Not since Richard Pennington has New Orleans hired a superintendent who had no previous connection to the department.
If Rafael Goyeneche, the president of the Metropolitan Crime Commission, is correct, the next superintendent will also have ties to the department.
“I don’t know how attractive this job is to an outsider,” Goyeneche said.
He supported his statement by citing the department’s lagging number of officers, the lowest in 36 years he says, as well as the implementation of a consent decree.
At the same announcement of Ronal Serpas’ exit, the city introduced Michael Harrison as the interim superintendent. Harrison is a 23-year veteran of the department and worked previously as the commander of the department’s Seventh District in Eastern New Orleans.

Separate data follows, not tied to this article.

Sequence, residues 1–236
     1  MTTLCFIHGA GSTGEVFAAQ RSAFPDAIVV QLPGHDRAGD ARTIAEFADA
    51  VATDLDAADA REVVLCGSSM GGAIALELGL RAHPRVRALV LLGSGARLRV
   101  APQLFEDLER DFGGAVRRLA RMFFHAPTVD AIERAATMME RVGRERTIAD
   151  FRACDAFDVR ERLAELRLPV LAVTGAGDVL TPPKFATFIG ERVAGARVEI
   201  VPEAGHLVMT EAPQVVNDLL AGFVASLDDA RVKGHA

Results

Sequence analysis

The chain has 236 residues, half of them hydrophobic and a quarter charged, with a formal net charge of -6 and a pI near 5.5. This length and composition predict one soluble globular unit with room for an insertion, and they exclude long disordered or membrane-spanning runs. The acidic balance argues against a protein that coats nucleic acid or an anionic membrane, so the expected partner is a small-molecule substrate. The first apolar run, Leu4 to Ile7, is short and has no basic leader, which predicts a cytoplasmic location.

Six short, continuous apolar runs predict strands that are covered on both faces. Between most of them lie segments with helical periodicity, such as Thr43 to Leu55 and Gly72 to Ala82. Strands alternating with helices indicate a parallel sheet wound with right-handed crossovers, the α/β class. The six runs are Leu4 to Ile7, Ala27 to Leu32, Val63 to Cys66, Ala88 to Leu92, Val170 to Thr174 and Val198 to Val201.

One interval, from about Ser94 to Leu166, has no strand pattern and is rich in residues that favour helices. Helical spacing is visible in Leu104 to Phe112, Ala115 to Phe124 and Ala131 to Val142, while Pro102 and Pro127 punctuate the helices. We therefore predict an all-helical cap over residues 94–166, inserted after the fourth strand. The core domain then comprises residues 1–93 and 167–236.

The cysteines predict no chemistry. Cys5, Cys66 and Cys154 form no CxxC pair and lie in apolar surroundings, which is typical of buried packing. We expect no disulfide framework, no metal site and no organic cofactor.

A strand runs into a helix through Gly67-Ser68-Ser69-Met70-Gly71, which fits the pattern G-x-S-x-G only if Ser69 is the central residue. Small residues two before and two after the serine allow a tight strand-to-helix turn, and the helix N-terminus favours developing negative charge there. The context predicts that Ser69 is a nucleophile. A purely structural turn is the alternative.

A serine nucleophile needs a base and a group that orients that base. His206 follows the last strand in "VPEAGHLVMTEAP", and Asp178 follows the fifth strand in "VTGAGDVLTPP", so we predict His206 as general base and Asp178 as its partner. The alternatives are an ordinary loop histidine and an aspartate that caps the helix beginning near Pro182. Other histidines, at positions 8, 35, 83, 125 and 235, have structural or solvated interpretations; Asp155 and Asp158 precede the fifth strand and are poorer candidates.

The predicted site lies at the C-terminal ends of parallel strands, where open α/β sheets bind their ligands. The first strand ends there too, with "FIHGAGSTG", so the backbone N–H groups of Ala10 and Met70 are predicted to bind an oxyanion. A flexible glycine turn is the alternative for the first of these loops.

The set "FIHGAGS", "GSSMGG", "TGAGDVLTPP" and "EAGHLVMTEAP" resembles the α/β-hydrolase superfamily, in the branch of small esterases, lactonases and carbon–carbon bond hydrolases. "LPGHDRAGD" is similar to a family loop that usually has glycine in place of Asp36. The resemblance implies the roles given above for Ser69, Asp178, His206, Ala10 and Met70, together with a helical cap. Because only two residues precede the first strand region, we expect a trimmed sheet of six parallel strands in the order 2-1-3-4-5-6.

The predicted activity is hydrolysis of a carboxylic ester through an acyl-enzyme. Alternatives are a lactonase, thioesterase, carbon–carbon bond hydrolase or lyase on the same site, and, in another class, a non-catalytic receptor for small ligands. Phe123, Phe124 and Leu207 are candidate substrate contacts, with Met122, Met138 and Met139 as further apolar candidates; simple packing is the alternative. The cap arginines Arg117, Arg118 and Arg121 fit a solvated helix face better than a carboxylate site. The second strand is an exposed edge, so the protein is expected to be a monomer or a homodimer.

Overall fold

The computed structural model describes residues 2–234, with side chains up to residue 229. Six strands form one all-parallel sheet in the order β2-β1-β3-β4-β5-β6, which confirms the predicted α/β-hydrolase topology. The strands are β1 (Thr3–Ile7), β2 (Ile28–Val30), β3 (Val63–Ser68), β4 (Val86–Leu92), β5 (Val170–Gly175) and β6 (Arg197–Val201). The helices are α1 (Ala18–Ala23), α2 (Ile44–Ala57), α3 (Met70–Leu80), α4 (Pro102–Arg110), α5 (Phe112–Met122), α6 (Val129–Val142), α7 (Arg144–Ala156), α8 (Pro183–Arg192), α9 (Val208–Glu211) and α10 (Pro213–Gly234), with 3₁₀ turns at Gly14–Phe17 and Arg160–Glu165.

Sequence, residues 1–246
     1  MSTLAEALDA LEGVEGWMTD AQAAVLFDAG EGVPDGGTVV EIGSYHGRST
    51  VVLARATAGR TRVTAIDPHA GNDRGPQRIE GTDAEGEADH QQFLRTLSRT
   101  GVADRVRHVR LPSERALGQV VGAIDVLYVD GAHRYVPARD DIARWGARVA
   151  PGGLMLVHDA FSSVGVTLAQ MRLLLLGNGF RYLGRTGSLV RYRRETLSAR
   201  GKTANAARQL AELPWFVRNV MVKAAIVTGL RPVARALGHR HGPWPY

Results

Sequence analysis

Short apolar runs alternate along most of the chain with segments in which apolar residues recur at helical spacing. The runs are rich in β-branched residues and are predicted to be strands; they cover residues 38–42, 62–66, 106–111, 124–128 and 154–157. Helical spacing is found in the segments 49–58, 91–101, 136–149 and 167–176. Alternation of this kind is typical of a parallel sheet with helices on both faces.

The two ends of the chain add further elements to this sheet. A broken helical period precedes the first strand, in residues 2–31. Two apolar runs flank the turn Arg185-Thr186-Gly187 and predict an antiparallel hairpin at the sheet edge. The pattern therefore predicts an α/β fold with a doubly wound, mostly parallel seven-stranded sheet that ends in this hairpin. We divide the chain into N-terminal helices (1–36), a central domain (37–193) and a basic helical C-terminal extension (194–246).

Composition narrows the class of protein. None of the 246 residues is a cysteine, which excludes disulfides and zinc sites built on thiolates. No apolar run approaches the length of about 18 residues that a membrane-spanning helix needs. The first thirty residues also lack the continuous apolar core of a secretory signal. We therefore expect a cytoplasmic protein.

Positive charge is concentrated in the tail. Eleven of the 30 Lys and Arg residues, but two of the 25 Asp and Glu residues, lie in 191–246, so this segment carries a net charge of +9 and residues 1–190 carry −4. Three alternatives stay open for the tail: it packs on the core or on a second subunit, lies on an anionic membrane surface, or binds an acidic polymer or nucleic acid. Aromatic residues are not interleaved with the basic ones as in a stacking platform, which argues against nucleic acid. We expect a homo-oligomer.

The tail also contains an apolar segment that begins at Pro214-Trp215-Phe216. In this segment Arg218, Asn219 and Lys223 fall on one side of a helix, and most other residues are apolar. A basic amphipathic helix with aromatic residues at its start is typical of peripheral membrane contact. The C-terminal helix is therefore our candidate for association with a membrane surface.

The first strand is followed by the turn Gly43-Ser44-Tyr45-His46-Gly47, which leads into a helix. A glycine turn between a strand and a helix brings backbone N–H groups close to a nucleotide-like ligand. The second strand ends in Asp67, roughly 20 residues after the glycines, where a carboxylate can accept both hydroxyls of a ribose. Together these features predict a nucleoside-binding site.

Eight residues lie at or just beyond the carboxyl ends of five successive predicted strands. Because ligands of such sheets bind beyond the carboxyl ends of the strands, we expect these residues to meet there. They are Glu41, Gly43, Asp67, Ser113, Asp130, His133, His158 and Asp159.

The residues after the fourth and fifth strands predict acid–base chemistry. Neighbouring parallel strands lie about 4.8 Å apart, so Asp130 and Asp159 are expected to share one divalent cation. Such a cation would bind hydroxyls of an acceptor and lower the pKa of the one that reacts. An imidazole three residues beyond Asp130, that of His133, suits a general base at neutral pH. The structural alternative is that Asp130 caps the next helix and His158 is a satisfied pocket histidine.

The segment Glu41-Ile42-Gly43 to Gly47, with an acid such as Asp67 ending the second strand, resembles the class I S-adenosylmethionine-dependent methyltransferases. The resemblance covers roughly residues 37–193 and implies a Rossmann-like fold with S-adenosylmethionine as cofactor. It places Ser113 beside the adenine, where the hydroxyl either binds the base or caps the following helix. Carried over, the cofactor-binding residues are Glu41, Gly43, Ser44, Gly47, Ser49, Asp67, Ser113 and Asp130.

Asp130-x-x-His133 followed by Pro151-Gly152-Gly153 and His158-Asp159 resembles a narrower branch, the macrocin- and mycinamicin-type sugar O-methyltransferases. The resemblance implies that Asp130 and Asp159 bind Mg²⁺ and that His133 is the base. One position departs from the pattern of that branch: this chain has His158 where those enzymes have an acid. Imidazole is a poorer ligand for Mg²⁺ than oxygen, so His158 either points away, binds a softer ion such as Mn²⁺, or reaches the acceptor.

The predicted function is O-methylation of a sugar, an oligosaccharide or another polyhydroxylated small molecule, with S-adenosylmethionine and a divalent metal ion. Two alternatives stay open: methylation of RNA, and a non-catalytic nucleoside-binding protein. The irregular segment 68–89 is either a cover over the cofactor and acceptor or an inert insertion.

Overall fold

At least one outspoken critic of the department hopes it looks to bring in a new face for the job. Malcolm Suber belongs to the group Community United For Change, the same group that protested Serpas’ hiring on the day he took his oath of office.
“We need fresh eyes. We need somebody who is going to come in and clean house,” Suber said.
Mayor Mitch Landrieu promises a thorough search for Serpas’ permanent replacement. But following the mayor’s statement Monday, it’s clear Harrison is already a top candidate.
“He will absolutely be given consideration. I would say that possession is 9/10ths of the law,” Landrieu said.